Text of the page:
The quantitative study analyzed HUD and HRSA administrative data from HOPWA and RWP. In addition, the team obtained publicly available HIV surveillance data from the CDC and homeless services needs assessment and service data from the HUD Office of Special Needs Assistance Programs. The study team finalized a statistical analysis plan based on the study objectives and on the aggregate nature of the data available, and conducted descriptive analyses of each of the variables of interest and compiled state and national summaries. The team also compared HOPWA and RWP services (such as relative percentages of participants served by type of housing assistance, income level, or demographics). For HOPWA data, the average cost per person served by specific type of housing was also calculated. The analysis drew on information from multiple sources (See Appendix A for details):
- HOPWA Consolidated Annual Performance Evaluation Reports (CAPER) (2007-2010)
- HOPWA Annual Performance Reports (APR) (2007-2010)
- 2010 Annual Homeless Assessment Report (AHAR)
- Homeless Management Information System (HMIS) (2010)
- Ryan White Program Expenditure Reports (2007-2010)
- Ryan White Program Data Reports (RDR) (2007-2010)
- Ryan White Services Report (RSR) (2010)
The qualitative study selected program models drawn from HUD’s seven IHHP grantees in 2011. In May 2013, Mathematica and Cloudburst conducted in-person site visits to four of the seven sites: (1) the River Region Human Services (RRHS) FUSE project in Jacksonville, Florida; (2) the Frannie Peabody Center (FPC) statewide IHHP project; (3) the Portland (Oregon) Housing Bureau (PHB) S4H project; and (4) the Albany Corporation for AIDS Research, Education, and Services (CARES) Foundations for Living (FFL) project in upstate New York. The one-day in-person visits at each site included discussions with IHHP grantees, community partners, and RWP grantees and service providers. Interviews were conducted with IHHP grant administrators, local housing program directors, IHHP housing coordinators, RWP-funded medical case managers, local IHHP grant evaluators and data systems managers, and other local housing agencies involved in planning community-level housing. Appendix L contains the study’s site visit interview protocols.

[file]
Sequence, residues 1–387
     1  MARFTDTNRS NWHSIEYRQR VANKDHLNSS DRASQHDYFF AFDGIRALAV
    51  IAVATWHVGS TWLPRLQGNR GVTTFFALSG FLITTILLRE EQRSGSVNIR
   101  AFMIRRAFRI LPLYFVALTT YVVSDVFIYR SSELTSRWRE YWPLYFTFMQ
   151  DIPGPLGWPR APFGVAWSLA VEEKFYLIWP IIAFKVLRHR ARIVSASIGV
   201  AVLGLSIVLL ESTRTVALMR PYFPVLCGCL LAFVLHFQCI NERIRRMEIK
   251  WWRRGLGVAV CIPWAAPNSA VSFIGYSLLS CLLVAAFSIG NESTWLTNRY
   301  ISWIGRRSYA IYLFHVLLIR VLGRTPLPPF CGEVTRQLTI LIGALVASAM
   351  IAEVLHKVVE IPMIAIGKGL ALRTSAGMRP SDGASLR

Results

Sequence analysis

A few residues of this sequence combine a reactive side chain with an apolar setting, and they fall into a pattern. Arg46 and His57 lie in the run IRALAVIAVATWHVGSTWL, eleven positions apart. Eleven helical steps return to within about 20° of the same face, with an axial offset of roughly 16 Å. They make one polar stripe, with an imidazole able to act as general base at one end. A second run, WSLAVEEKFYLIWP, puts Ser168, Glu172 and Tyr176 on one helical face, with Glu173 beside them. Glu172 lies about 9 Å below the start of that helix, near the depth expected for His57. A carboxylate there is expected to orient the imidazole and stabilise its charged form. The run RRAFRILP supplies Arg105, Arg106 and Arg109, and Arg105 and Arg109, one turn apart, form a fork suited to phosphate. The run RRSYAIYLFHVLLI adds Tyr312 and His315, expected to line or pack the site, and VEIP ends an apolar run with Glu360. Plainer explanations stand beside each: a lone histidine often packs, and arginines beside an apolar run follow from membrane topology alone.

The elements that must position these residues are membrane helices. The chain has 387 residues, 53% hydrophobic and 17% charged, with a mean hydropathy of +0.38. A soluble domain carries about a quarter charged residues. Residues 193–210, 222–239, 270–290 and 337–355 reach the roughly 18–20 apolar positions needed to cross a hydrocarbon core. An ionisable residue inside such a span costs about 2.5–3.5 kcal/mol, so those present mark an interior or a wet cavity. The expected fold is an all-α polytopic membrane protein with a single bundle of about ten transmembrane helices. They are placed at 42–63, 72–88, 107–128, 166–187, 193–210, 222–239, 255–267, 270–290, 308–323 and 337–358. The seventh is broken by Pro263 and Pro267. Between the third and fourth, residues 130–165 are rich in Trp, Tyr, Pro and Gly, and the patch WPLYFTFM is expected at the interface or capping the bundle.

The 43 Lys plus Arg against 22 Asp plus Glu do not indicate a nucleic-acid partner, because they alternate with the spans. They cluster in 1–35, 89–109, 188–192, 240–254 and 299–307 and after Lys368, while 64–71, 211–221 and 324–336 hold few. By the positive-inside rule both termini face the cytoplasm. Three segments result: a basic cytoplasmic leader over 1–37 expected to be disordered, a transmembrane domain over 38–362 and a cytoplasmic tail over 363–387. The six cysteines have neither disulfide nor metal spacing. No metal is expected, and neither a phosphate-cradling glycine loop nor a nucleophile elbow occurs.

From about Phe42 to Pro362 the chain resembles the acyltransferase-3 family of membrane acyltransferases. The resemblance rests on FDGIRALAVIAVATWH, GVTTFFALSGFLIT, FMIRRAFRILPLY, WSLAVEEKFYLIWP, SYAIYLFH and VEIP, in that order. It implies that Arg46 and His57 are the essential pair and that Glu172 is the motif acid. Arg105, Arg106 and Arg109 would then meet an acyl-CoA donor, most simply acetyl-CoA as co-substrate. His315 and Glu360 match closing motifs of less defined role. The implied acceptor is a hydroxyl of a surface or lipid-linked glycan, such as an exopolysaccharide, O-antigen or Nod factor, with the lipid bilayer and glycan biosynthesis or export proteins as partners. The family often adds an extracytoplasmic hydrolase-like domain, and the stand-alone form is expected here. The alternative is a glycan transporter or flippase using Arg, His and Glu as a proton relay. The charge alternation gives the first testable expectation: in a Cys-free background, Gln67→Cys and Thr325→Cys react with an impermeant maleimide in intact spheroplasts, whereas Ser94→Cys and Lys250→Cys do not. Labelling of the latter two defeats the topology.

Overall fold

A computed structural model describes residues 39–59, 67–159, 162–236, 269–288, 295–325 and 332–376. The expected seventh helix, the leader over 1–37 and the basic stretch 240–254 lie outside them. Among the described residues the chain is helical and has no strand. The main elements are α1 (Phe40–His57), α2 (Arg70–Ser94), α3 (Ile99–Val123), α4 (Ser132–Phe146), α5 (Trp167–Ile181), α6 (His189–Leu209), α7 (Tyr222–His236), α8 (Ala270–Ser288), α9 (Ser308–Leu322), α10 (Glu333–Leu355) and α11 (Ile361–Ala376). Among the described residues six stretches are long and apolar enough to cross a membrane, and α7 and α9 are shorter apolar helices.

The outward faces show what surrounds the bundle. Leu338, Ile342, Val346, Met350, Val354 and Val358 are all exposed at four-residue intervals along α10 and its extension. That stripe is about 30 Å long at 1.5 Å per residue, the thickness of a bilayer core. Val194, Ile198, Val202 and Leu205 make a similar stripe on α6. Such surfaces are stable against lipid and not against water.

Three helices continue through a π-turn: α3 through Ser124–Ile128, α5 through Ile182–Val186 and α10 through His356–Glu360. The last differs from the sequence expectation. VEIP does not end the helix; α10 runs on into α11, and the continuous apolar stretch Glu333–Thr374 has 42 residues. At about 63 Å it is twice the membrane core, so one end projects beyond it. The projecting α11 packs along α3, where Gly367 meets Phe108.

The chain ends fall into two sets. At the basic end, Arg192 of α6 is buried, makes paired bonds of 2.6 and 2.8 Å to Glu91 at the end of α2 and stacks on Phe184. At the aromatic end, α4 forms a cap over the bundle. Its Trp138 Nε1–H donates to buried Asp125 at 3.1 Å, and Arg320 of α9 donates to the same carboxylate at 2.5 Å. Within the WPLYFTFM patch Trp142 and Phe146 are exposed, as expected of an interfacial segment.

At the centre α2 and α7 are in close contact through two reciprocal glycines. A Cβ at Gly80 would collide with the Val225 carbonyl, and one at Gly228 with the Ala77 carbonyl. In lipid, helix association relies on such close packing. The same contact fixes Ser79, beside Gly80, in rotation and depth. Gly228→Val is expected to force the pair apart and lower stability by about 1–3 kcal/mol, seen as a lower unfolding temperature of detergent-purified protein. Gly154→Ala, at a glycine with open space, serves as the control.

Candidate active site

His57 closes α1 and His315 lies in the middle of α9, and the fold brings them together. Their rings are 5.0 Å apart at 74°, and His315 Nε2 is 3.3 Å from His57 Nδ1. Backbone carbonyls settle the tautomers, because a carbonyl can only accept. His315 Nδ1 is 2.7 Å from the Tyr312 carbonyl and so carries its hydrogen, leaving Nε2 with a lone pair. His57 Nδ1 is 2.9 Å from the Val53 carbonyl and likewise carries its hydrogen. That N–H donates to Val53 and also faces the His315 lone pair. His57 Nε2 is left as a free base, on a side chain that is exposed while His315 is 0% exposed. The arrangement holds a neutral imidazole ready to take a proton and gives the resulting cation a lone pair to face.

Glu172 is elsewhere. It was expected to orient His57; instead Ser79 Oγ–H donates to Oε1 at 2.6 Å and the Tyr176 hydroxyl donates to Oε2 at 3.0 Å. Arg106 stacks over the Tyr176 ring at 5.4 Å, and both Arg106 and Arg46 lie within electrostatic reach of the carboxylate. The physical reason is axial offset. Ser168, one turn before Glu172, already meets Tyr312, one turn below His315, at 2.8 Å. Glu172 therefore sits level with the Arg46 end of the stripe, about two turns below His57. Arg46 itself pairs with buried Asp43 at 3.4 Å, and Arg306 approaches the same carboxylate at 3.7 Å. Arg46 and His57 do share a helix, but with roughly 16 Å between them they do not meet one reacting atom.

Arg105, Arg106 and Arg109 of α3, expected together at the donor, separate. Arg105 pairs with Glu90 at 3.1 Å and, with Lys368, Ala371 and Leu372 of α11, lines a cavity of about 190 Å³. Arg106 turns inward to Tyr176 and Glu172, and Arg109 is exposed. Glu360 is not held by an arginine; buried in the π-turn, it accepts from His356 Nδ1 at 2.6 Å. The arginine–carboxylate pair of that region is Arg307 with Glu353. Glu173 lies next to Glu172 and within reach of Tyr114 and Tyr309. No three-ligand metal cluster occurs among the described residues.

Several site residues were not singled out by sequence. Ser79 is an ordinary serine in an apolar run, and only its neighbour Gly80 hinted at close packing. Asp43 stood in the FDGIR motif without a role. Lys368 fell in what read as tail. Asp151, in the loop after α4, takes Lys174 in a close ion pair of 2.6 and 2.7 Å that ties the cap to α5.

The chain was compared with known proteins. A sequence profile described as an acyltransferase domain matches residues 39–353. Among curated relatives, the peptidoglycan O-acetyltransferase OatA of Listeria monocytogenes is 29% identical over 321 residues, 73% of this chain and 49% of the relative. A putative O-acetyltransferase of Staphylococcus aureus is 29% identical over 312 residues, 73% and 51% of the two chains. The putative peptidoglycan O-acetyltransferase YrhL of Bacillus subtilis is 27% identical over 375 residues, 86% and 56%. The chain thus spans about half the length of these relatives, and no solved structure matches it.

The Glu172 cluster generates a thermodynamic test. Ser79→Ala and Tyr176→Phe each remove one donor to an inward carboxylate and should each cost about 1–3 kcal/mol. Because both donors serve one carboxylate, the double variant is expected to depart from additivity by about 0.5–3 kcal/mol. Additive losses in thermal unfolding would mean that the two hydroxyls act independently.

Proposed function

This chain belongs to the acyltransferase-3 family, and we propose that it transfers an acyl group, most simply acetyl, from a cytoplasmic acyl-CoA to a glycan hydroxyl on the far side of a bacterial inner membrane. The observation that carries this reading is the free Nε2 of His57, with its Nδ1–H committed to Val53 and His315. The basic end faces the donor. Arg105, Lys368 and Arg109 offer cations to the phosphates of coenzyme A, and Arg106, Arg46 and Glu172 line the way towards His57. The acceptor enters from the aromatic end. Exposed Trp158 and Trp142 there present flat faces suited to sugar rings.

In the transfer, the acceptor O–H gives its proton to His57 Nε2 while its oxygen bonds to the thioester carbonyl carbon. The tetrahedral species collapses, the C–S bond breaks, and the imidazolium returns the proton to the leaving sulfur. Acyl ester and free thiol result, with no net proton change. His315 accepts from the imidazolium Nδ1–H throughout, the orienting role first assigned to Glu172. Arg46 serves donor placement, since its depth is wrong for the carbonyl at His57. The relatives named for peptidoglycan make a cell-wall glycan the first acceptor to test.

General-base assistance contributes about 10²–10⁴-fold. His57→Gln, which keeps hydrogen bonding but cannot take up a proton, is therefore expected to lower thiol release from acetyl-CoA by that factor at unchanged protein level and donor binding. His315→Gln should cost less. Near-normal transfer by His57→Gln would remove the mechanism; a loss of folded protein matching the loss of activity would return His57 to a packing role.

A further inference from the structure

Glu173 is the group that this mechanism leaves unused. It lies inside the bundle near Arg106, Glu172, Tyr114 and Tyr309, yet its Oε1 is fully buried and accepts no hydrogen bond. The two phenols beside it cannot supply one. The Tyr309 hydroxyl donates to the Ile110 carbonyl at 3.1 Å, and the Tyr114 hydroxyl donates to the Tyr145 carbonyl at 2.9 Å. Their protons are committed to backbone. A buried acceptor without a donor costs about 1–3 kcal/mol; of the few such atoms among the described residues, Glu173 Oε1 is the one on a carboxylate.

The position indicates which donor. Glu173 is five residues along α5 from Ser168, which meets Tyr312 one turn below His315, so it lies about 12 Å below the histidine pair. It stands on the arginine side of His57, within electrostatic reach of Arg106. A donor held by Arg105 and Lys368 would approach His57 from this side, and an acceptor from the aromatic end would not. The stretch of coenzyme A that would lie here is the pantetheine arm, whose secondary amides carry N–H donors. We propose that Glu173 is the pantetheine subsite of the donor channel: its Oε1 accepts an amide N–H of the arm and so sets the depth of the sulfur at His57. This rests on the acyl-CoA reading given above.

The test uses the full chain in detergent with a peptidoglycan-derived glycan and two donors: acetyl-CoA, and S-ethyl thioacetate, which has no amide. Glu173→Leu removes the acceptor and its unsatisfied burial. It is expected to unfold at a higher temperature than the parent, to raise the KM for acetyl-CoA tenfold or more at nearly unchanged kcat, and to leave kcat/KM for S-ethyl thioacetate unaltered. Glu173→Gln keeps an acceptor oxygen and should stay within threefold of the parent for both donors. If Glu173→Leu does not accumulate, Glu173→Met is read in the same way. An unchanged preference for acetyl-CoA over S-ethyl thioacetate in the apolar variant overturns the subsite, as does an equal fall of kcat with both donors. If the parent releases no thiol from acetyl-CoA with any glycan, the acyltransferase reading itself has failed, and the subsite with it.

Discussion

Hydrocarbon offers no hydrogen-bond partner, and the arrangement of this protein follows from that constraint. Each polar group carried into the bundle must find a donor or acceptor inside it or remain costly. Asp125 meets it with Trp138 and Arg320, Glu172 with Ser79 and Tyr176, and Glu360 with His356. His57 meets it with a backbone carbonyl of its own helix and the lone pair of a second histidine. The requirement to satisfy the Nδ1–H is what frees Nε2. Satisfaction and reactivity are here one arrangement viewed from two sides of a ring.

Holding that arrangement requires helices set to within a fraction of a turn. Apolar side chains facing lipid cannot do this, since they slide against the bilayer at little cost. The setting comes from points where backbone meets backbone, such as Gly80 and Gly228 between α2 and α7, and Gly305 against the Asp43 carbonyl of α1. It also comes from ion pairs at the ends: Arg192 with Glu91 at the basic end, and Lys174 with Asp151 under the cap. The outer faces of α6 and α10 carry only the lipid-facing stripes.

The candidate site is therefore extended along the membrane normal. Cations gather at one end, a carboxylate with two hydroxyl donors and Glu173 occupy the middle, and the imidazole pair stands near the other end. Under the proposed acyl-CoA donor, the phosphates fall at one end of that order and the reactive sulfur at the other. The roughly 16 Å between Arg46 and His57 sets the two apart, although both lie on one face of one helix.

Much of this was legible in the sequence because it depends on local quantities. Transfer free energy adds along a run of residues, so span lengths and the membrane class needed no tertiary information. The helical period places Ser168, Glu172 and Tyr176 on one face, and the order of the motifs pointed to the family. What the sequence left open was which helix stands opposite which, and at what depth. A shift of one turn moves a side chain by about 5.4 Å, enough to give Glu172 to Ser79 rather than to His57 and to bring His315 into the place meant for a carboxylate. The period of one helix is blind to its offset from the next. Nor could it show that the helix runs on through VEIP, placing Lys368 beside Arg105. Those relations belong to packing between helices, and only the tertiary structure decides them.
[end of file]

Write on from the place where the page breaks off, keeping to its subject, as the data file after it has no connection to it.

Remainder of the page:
The study collected information from the four IHHP grantees about three levels of activity: (1) the integration of program policies and practices at the client level; (2) efforts to integrate housing and health care data systems; and (3) community-level efforts to coordinate and align HIV housing, health care, and other support services. Site profiles were created using information gathered during the discussions and based on review of program documents, including grant applications, site reports, and APR data. The site profiles were systematically coded and analyzed to address the study’s research questions. The project also used a mixed-methods approach to integrate the quantitative and qualitative studies and findings. Early findings from the quantitative analysis were used to inform the selection of the four sites for the IHHP case studies and to inform site visit topics and questions. For example, in the site visits, we asked questions about the compatibility of the HOPWA and RWP data sets, based on challenges encountered in the quantitative analysis.